Tuesday, March 13, 2012


Functions Of Thinking : Decision-Making
Another function of thinking is decision-making. Many responses require making choices, often without prior experience or sufficient information to guarantee satisfaction. Decision-making strategies provide short-cuts and guidelines in such choices and crises.

1. Heuristics
A heuristic is a general solution strategy, like a rule of thumb, which often - but not always - applies and succeeds. Heuristics can take the form of familiar principles of spelling and grammar, like "i before e except after c" They can also make up more informal personal routines, like "I should brush my teeth before I sleep and when I wake up".

One kind of heuristic is called hill-climbing, in which one reevaluates the situation after taking each step closer to the goal (like looking back to see how far one has come while climbing a hill). An example of hill-climbing is the use of "process of elimination" when answering multiple-choice test items. Rule out each unlikely choice, until only the likely answer remains.

Another heuristic is to create subgoals by breaking a large goal into stages and each stage into objectives, working backwards from the ultimate goal, until one's immediate next step is clear.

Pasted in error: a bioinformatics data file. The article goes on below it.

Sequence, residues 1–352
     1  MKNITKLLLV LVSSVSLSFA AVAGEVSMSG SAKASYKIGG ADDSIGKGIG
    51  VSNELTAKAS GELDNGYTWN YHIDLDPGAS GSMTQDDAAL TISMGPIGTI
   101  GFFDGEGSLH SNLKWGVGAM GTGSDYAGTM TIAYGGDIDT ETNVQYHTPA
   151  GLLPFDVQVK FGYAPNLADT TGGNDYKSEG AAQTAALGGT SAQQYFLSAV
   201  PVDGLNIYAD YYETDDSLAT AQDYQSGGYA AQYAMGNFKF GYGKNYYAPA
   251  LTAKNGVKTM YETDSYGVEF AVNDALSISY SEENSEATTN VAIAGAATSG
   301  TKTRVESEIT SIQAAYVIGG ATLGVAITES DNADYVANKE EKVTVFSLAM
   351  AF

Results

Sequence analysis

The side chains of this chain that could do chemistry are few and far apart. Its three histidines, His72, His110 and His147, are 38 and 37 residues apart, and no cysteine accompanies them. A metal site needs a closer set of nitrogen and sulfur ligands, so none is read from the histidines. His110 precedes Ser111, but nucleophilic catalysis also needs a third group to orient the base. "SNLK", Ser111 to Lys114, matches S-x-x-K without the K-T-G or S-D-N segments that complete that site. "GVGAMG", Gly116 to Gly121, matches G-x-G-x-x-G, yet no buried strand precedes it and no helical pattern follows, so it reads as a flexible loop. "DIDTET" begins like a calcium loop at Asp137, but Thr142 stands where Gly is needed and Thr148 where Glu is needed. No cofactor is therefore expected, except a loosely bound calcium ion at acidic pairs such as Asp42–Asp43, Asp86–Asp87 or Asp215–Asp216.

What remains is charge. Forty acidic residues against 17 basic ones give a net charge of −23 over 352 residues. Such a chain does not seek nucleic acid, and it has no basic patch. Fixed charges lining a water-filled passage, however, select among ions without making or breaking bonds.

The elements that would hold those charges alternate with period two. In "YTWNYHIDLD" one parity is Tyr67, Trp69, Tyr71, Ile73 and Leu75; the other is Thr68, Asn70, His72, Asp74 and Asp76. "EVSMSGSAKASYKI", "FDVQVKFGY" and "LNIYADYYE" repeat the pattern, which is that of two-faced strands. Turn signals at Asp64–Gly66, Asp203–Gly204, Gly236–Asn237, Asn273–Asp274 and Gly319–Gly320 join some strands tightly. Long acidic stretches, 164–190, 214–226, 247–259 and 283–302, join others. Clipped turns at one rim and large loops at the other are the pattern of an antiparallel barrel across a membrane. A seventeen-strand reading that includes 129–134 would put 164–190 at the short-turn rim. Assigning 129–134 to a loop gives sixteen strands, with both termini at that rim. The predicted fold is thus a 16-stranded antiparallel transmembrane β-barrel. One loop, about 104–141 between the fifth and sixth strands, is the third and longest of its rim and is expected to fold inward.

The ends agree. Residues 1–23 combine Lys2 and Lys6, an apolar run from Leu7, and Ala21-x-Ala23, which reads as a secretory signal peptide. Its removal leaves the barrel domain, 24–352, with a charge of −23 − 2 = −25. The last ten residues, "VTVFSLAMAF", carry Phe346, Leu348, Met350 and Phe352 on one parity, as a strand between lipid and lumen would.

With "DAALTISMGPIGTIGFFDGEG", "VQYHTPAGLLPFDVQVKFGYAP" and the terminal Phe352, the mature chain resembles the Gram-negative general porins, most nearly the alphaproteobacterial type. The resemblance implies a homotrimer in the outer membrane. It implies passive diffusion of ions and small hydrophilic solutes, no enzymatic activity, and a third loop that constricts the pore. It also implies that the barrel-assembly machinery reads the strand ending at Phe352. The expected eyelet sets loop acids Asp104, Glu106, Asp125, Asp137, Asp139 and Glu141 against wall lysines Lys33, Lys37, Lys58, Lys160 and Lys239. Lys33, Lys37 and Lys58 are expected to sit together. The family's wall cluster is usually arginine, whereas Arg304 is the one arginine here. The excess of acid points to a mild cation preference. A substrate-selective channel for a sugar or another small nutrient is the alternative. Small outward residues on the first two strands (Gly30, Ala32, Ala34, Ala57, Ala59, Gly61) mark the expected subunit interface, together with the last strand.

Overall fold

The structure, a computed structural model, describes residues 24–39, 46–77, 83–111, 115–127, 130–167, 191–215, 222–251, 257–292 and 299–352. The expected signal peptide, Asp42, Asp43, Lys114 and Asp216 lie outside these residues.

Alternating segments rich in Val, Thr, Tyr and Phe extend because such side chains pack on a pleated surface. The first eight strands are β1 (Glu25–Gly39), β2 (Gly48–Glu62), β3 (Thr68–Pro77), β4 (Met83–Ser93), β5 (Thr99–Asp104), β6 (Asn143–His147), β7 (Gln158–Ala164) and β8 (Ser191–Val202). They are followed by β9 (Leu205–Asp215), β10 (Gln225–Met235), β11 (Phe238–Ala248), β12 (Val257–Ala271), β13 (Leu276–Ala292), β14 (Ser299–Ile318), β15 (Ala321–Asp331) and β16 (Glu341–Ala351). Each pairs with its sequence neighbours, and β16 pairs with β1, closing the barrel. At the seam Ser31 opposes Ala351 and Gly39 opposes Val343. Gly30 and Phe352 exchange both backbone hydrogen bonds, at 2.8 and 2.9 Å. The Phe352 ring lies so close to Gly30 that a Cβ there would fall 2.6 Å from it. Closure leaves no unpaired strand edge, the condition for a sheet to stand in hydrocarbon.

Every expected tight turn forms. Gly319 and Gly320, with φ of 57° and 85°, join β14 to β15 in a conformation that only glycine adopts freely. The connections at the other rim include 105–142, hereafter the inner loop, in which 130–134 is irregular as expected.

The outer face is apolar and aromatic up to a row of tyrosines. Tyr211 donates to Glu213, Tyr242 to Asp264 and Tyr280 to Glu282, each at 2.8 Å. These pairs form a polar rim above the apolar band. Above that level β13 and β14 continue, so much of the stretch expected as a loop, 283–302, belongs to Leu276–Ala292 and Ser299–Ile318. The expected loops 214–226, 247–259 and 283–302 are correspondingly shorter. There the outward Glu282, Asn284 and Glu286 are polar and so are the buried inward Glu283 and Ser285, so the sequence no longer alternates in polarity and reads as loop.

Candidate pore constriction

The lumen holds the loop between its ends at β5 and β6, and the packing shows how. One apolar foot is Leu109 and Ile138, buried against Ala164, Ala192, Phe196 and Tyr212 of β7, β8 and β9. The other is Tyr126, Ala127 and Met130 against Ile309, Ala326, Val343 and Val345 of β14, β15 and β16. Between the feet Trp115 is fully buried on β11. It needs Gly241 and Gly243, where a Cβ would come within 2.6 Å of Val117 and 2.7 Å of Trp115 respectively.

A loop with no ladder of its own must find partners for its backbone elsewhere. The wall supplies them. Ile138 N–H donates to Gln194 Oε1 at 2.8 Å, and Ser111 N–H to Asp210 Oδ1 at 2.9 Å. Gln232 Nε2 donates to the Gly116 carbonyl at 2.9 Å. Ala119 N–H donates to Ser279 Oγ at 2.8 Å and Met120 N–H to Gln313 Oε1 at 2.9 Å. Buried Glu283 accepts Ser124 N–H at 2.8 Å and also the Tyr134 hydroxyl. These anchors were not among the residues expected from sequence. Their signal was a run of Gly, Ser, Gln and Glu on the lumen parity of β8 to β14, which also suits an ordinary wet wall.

Heuristics can help in decision-making by limiting the trial-and-error of undirected effort. They can also help to rationalize one's decision after the fact.

2. Framing
Decisions involve making choices among a set of alternatives. The alternatives may be presented in a biased or persuasive comparison, known as a frame. For example, consider the different impressions conveyed by these two alternatives:
Alternative A : Would you invest all your money in a new business if you had a 50% chance of succeeding brilliantly?
Alternative B : Would you invest all your money in a new business if you had a 50% chance of failing miserably?
The success-frame in A makes it seem more appealing than the failure-framed B, although the probability of success versus failure is the same for both.
Framing is sometimes used to create illusory comparisons, as when a television commerical claims that "no other brand works better". The implication of the frame is that the advertiser's brand works best, but it is just as likely that all brands work equally well (or poorly).

The possibilities of thought training are infinit, its consequences eternal, and yet few thake the pains to direct their thinking into channels that will do them good, but instead leave all to chance. ~ Marden

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